Boy, this thing is fast.

I ran the OS X Snow Leopard Migration Assistant on this Mac and my old MacBook Pro 15.4” 2.16GHz Core 2 Duo 500GB HDD 3GB and — voila! — two days later, it was done, at about 8:05am this morning.

Things are working really well on it so far.

I consider this to be actually a very conservative purchase. My old MacBook Pro (three-plus years old now) was getting very slow (probably in need of an OS wipe after upgrading it from Tiger -> Leopard -> Snow Leopard). Putting an SSD in there troubled me because if it failed, it’d take a bunch of work to pull it out. And every time I’d take it apart (to install or remove), I’d risk breaking the computer each time. Plus the hassle. Plus if I had to send a broken SSD back to the manufacturer, I’d want to leave the MacBook Pro in pieces for weeks waiting for the repaired SSd and I don’t really have a safe place for that (kid-proof) in my home.

So I consider this upgrade a measured decision that I’m really happy with.

 

Update: It’s Tuesday, 4 October 2011. I’ve been using my MacBook Air regularly since I got it. It has completely replaced my MacBook Pro. I’m very happy.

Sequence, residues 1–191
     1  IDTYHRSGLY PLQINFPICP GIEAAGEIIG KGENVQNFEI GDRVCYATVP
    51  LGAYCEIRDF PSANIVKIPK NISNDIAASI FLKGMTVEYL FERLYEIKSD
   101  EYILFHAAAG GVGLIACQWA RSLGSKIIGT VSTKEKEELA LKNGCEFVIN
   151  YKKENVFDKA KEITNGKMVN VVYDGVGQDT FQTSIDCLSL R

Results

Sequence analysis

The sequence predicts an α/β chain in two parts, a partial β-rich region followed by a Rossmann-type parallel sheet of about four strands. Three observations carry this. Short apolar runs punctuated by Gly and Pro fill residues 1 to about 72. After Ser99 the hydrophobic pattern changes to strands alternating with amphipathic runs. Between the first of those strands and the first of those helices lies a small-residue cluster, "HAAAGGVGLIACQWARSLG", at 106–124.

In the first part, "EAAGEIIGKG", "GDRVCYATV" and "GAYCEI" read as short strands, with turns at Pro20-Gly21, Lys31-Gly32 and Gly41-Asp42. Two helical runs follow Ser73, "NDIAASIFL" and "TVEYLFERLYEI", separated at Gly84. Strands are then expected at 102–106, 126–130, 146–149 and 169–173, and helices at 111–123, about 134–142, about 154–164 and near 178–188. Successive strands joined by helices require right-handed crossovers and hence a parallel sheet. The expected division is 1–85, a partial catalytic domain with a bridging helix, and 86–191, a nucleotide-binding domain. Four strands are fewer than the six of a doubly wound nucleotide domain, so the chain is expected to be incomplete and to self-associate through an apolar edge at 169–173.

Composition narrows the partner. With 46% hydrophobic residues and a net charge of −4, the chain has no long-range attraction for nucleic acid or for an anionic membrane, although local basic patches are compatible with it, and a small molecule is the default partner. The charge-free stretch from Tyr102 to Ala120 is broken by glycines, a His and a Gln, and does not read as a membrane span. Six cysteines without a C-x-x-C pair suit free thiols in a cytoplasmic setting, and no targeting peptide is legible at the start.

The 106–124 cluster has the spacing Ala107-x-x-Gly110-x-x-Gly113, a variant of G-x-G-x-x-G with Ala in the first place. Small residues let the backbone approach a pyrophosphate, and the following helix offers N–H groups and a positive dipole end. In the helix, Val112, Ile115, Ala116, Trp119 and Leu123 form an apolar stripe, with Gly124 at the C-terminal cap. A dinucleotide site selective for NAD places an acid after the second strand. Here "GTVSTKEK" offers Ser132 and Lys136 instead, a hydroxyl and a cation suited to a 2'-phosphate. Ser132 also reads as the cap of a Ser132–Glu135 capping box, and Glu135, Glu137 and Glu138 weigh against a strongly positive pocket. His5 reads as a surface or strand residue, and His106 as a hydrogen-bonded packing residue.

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Someone came to the office today and said they had just bought themselves an iPad 2 3G AT&T at Best Buy today and that they had one or more in stock still. So I called and they had two. So I ran over and bought one.

I had one on order from Apple but it wasn’t scheduled to ship until 25 April.

I went to the Apple Store last weekend (a few days ago) to get an iPad but they only had white Verizon iPads in stock. No, thanks. I read that AT&T’s 3G network is considerably faster than Verizon’s and that AT&T’s network technology has room to speed up where as Verizon’s CDMA network is running at its maximum speed already.

Damaged iPads